by Andy Boyd

Click here for audio of Episode 3028

Today, a medieval big bang. The University of Houston presents this series about the machines that make our civilization run, and the people whose ingenuity created them.

To fully appreciate today’s story we need to transport ourselves back in time to thirteenth century England. Universities were just gaining a foothold. Formal education was largely through the church. Newton’s universal law of gravitation lay some 400 years in the future. The thought that math could be used to describe how the world worked was all but unimaginable. The universe was in God’s hands, and knowledge of its workings could only be found by reflection on His revealed word.

Which is why the work of Robert Grosseteste is so remarkable. Grosseteste’s life spanned the late twelfth and early thirteenth centuries. He lived a scholarly life as he rose to become a church Bishop. And in one of his best known works, On Light, Grosseteste proffers his own surprisingly mathematical account of the creation. It starts with a big bang.

Bishop Robert Grosseteste, detail of a window on the South transept Westernmost. St Paul's Parish Church, Morton, Near Gainsborough. Photo Credit: Wikimedia Commons/Gordon Plumb

He didn’t actually write down equations. Calculus hadn’t been invented. But Grosseteste’s grasp of math was rare for the time, and the physical laws he proposed were expressed clearly in words, making it possible to translate his ideas into modern equations. And in 2014 an interdisciplinary group of researchers did just that. Their work appeared in the prestigious Proceedings of the Royal Society.

Grosseteste’s universe is formed from light; light expanding outward from a central source. The light gets less and less dense until it reaches a state of perfection. It then crystallizes to form matter, which in turn falls back toward the light’s source while creating the universe along the way. Just like modern big bang theories, numerical constants in Grosseteste’s model either lead to a stable universe or something that falls apart. The details are intriguing.

3D depiction of the Big Bang. Photo Credit: NASA/JPL

So where does Grosseteste’s work fit in the lineage of the big bang theory as we know it today? Consider the foundation upon which it was built. While modern cosmologists take their cue from scientific observations about the expanding universe, we need look no further than the first few sentences of the Old Testament to find Grosseteste’s inspiration:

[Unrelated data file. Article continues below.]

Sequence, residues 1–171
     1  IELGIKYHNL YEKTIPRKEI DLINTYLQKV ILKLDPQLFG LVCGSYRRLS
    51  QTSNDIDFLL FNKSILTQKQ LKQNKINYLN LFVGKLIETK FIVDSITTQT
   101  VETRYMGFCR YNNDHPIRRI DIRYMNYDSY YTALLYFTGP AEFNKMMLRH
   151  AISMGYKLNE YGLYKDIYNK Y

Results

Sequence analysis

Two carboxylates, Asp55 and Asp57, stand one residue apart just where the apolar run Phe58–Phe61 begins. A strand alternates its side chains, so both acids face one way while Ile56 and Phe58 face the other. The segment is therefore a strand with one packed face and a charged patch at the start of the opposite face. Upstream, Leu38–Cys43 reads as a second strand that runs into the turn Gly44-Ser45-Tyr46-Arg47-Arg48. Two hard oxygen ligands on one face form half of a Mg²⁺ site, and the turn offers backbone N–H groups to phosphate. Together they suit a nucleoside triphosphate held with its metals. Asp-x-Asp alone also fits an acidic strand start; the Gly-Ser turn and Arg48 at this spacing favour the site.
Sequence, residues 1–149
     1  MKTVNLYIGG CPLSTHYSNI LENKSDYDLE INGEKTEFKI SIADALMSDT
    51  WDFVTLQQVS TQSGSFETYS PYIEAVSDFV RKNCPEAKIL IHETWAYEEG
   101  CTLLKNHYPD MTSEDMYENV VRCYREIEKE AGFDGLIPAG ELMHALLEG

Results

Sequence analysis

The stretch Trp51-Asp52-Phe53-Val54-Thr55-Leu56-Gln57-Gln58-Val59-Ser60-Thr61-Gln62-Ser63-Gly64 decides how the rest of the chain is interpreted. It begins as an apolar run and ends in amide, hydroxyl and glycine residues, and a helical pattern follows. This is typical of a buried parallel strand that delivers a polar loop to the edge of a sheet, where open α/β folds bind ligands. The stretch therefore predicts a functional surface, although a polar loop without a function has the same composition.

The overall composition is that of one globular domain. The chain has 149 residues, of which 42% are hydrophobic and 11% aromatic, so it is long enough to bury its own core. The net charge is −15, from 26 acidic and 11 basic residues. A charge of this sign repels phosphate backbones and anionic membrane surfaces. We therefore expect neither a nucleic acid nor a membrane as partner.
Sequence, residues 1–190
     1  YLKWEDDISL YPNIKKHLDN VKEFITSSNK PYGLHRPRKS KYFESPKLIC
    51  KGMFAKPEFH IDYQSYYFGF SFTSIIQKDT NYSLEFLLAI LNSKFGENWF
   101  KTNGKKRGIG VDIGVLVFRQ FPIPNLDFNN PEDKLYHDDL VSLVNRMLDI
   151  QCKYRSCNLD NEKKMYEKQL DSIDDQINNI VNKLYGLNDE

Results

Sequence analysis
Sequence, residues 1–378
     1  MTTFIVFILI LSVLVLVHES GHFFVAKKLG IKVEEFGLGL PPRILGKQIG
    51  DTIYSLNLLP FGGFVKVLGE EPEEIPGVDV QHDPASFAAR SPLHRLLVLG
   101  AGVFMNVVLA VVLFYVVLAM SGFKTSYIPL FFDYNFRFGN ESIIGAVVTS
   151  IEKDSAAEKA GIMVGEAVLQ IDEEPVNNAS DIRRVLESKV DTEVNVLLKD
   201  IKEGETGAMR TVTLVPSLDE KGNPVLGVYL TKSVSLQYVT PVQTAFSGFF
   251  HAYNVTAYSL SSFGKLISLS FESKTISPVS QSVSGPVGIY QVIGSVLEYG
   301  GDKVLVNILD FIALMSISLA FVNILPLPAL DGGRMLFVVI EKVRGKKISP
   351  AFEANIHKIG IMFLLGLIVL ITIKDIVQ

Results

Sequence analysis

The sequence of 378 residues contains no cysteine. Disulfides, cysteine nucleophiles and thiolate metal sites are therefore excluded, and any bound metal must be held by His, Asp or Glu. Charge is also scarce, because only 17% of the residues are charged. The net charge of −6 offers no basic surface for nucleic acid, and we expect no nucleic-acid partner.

In the beginning … God created the heavens and the earth, and the earth was without form or shape, with darkness over the abyss and a mighty wind sweeping over the waters. Then God said: Let there be light, and there was light.

Grosseteste wasn’t breaking from scripture, he was building on it – explaining how the universe took form from light. And the details of his work, while surprisingly similar in spirit to today’s theories, are all off. As such, it would be hard to make a case Grosseteste’s work is a true forebear of the big bang theory.

But scholarly research reveals a keen mind wrapped in a scholastic web; a saintly soul ahead of his time who envisioned a universe shaped not only by God, but by mathematics.

I’m Andy Boyd at the University of Houston, where we’re interested in the way inventive minds work.

(Theme music)

For a related episode, see GROSSETESTE AND BACON

T. McLeish et. al. (2014). “A Medieval Multiverse.” Nature. 507, pp. 161-163. See also the Nature website: Accessed October 27, 2015.

R. Bower. et. al. (2014). “A Medieval Multiverse?: Mathematical Modelling of the Thirteenth Century Universe of Robert Grosseteste.” Proceedings of the Royal Society A. 470:2167. See the Royal Society Publishing website: Accessed October 27, 2015.

Robert Grosseteste. From the Stanford Encyclopedia of Philosophy web-site: Accessed October 27, 2015.

This episode was first aired on October 29, 2015